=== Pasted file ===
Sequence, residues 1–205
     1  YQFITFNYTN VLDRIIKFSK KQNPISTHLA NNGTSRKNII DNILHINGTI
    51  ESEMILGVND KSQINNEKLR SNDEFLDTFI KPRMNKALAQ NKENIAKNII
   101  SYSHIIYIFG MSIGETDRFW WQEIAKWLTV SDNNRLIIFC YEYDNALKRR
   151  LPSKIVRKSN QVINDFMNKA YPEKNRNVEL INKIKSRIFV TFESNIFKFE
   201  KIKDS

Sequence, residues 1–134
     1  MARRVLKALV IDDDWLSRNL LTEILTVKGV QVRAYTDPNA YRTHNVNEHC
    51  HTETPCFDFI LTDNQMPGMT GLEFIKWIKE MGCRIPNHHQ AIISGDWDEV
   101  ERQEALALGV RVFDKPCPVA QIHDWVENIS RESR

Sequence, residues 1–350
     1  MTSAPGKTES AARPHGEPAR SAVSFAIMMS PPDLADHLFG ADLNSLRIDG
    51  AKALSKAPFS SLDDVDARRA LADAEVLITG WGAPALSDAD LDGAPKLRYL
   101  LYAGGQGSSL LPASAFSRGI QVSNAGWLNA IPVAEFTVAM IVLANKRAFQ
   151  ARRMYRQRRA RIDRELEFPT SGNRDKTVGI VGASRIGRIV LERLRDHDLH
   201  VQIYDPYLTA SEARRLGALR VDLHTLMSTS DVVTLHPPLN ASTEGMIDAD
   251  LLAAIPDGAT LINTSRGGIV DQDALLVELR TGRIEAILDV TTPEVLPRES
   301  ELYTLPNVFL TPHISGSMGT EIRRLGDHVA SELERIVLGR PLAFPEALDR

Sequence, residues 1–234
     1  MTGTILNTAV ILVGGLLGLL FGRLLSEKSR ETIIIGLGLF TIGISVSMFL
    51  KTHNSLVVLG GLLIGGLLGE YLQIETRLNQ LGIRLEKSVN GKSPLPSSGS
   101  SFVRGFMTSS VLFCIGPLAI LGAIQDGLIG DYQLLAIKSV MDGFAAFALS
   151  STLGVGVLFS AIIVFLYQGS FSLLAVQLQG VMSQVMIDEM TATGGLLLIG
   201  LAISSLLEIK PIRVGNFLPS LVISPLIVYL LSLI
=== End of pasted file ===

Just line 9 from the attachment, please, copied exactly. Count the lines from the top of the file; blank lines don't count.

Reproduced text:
    51  HTETPCFDFI LTDNQMPGMT GLEFIKWIKE MGCRIPNHHQ AIISGDWDEV